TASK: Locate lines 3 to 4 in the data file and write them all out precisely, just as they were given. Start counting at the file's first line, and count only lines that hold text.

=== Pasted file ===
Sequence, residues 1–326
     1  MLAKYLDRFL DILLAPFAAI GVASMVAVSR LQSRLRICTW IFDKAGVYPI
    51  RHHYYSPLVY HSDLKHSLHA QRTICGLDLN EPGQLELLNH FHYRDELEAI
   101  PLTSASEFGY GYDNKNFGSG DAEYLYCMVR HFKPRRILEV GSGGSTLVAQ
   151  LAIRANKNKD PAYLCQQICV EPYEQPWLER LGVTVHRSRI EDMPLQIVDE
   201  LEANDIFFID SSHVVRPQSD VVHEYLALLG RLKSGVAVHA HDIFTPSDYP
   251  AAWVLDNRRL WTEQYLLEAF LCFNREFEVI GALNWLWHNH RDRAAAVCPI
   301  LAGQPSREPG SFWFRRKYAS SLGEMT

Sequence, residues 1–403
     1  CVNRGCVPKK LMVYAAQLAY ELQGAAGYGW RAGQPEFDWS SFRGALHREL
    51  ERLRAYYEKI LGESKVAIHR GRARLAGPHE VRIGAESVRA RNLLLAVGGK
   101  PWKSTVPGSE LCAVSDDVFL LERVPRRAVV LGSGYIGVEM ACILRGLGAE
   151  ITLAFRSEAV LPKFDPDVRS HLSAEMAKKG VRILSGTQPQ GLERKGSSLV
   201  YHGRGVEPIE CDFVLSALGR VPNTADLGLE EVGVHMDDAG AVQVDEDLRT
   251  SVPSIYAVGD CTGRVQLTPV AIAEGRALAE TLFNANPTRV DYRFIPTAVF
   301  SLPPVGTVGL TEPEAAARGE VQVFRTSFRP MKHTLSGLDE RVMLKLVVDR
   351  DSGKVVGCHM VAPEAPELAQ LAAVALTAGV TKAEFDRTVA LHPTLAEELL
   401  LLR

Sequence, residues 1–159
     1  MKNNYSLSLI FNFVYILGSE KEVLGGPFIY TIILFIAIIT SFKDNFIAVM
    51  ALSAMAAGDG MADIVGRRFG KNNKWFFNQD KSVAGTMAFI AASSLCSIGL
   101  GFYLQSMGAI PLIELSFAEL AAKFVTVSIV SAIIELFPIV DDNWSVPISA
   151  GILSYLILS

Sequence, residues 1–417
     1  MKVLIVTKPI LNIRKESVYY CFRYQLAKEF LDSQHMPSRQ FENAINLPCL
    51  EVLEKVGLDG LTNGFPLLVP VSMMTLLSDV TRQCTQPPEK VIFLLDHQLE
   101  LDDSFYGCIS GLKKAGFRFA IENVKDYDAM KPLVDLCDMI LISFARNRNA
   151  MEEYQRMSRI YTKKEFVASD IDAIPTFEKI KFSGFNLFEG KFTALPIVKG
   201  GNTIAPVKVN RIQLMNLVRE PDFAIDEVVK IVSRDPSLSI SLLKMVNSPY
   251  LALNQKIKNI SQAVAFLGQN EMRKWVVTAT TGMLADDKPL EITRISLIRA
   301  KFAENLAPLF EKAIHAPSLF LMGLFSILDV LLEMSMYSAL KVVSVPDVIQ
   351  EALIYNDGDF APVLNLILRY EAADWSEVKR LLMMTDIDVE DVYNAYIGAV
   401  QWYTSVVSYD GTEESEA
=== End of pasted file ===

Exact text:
    51  RHHYYSPLVY HSDLKHSLHA QRTICGLDLN EPGQLELLNH FHYRDELEAI
   101  PLTSASEFGY GYDNKNFGSG DAEYLYCMVR HFKPRRILEV GSGGSTLVAQ